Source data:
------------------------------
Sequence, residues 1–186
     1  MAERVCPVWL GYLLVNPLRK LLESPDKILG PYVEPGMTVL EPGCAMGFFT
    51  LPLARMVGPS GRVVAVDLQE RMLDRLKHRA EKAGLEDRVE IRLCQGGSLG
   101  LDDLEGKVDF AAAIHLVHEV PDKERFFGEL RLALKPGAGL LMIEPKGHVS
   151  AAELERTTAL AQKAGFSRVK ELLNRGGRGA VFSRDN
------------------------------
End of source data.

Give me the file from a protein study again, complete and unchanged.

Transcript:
Sequence, residues 1–186
     1  MAERVCPVWL GYLLVNPLRK LLESPDKILG PYVEPGMTVL EPGCAMGFFT
    51  LPLARMVGPS GRVVAVDLQE RMLDRLKHRA EKAGLEDRVE IRLCQGGSLG
   101  LDDLEGKVDF AAAIHLVHEV PDKERFFGEL RLALKPGAGL LMIEPKGHVS
   151  AAELERTTAL AQKAGFSRVK ELLNRGGRGA VFSRDN